When a single PR campaign misfires, there could be a number of different reasons. However, if your public relations efforts are consistently failing to bear fruit, one or more of the following common PR problems are the likely reason. Let’s review these common reasons for PR failure and what you can do to turn that breakdown into success.
You’ve seen those random, nonspecific posts on Facebook people call “Vaguebooking?” A user posts, but the message is incomplete and directionless. It’s clear they want some interaction, but what’s not clear, at least to others viewing the post, is how to respond. Some failing PR efforts follow a similar model.
One of the most common versions of this type of PR failure is launching a campaign to “just get coverage.” Sure, getting media coverage is a great goal, but it’s not a complete goal. Media is topical. People respond to an interact with topics of interest to them. So, instead of just trying to “get noticed by the media,” set clear and measurable goals with specific results in mind. Then build a release and target a media outlet based on those objectives.
If you don’t know how to measure your PR campaigns, you have no idea how to know how well they’re working. And, if it’s obvious they’re not working, but you don’t have the right metrics, you can’t determine what to tweak to fix the problem.
There’s an acronym in public relations called KPI. This stands for Key Performance Indicators. These metrics allow a company to track specific factors that determine the effectiveness of your PR campaign.
If you are not sure where to begin, some of the most fundamental KPI include:
- What pitches were sent
- Who responded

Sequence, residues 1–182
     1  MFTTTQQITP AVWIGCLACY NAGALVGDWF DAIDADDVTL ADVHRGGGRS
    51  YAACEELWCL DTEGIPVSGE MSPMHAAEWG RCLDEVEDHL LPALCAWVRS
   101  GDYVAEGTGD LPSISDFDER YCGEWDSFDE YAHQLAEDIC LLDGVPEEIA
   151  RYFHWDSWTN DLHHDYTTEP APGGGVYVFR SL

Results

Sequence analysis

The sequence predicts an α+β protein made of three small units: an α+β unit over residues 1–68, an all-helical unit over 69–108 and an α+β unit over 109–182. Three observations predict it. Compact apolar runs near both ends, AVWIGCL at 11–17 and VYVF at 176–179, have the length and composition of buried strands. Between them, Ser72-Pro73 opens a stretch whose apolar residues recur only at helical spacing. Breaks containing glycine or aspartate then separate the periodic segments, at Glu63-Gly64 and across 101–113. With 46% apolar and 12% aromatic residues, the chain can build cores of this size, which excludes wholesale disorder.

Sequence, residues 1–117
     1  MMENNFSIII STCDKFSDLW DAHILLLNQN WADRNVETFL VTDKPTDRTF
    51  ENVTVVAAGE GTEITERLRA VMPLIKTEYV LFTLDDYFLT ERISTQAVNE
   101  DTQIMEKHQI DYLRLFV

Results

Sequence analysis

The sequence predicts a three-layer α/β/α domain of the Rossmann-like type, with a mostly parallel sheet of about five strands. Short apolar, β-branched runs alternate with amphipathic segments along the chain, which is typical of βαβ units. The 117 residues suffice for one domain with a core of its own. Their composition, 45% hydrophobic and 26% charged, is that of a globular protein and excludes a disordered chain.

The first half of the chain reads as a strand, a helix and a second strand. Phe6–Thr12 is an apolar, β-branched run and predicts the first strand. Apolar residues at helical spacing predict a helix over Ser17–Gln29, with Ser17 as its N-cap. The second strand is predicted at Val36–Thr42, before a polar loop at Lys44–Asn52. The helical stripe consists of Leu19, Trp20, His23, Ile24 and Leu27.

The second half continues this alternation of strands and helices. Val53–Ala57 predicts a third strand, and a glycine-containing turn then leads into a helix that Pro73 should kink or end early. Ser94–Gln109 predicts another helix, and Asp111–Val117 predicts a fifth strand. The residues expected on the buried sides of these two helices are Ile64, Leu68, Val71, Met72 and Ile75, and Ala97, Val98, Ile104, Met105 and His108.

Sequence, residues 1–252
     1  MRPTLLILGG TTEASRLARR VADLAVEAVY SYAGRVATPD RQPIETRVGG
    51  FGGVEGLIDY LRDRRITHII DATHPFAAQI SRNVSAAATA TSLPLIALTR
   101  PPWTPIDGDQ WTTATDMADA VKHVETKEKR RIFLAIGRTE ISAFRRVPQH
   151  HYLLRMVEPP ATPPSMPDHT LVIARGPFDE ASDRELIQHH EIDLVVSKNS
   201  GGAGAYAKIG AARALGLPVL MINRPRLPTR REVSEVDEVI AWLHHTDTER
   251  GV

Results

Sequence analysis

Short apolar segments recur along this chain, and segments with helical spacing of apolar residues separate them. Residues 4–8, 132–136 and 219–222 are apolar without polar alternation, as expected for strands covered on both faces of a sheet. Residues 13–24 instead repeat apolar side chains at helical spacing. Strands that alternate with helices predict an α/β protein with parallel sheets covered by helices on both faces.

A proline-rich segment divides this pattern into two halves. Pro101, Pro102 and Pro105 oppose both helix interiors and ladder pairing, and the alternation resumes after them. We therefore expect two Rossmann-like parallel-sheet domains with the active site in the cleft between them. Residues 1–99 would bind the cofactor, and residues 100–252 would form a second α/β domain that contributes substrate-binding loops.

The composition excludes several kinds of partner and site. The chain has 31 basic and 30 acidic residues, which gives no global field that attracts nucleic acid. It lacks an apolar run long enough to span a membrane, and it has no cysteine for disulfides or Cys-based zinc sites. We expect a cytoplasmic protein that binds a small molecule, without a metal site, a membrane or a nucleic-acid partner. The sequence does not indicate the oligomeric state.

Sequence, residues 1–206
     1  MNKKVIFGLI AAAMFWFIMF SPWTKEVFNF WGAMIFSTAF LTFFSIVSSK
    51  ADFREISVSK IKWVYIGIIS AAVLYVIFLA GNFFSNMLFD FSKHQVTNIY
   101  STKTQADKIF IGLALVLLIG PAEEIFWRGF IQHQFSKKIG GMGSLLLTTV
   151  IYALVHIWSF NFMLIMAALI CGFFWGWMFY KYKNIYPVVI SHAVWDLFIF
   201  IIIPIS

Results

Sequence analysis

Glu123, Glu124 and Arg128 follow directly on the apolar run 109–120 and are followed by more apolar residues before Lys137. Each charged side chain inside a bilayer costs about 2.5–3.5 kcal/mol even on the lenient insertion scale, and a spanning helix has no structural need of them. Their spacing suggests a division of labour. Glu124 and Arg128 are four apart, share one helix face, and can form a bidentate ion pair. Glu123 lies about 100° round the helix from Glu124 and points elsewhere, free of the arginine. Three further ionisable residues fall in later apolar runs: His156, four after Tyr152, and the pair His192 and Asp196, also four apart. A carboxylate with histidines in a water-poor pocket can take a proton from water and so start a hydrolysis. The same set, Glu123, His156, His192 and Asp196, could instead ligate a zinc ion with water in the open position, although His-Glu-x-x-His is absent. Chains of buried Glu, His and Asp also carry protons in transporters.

- What pitches were published
- When were they published
- How the market responded (sales, contacts, interactions, etc.)
You may also want to log conversations with reporters or other media representatives. How many times did you contact them? Which contacts got responses, and which responses were the fastest?
Each of these metrics helps you build a winning PR campaign. List all your campaigns on a spreadsheet, and include all of these metrics and any others you want to track. Log your data and, at the end of your campaign, assess which strategies worked, which stories got traction, and which approaches earned the best or most response.
If you want your story to make it out of your media contact’s inbox and into their story rotation, you need to give them something of value. Now, I get it, every bit of information about your business or brand has value to you. That’s fine, but the plain truth is, not everything about your brand is interesting or newsworthy to the media. If you want to know what would be, don’t assume, ask them.
Research the media outlets and contacts you want to target for your campaigns. Looks at the types of stories they like to run. Then look for reporters who like the kinds of stories you have to tell. Armed with this information, approach the media contacts you want to build rapport with, let them know you appreciate what they public – be specific here – and ask them the kinds of stories they may be interested in.
Once you have that information, go back and consider how your brand can meet their need. Did you get that? Look for ways that your brand can fill the hole your chosen media outlet is looking to fill. Don’t just give them content, solve their problem. Do this enough, and they will come looking for you when they need another story.